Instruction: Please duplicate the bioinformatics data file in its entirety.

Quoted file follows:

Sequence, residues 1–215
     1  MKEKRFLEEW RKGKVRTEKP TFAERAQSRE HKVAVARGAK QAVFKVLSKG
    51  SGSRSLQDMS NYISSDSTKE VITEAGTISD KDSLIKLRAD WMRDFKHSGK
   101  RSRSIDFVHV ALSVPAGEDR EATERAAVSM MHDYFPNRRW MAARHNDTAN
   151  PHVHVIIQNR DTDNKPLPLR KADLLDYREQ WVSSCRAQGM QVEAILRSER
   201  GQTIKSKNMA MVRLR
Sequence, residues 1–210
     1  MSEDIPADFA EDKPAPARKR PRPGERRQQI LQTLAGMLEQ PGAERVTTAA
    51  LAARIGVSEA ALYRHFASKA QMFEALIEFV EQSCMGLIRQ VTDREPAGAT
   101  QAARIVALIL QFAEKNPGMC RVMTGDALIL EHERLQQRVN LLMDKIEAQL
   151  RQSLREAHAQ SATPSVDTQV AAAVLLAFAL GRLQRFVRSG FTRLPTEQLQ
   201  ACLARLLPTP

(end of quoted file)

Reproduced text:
Sequence, residues 1–215
     1  MKEKRFLEEW RKGKVRTEKP TFAERAQSRE HKVAVARGAK QAVFKVLSKG
    51  SGSRSLQDMS NYISSDSTKE VITEAGTISD KDSLIKLRAD WMRDFKHSGK
   101  RSRSIDFVHV ALSVPAGEDR EATERAAVSM MHDYFPNRRW MAARHNDTAN
   151  PHVHVIIQNR DTDNKPLPLR KADLLDYREQ WVSSCRAQGM QVEAILRSER
   201  GQTIKSKNMA MVRLR
Sequence, residues 1–210
     1  MSEDIPADFA EDKPAPARKR PRPGERRQQI LQTLAGMLEQ PGAERVTTAA
    51  LAARIGVSEA ALYRHFASKA QMFEALIEFV EQSCMGLIRQ VTDREPAGAT
   101  QAARIVALIL QFAEKNPGMC RVMTGDALIL EHERLQQRVN LLMDKIEAQL
   151  RQSLREAHAQ SATPSVDTQV AAAVLLAFAL GRLQRFVRSG FTRLPTEQLQ
   201  ACLARLLPTP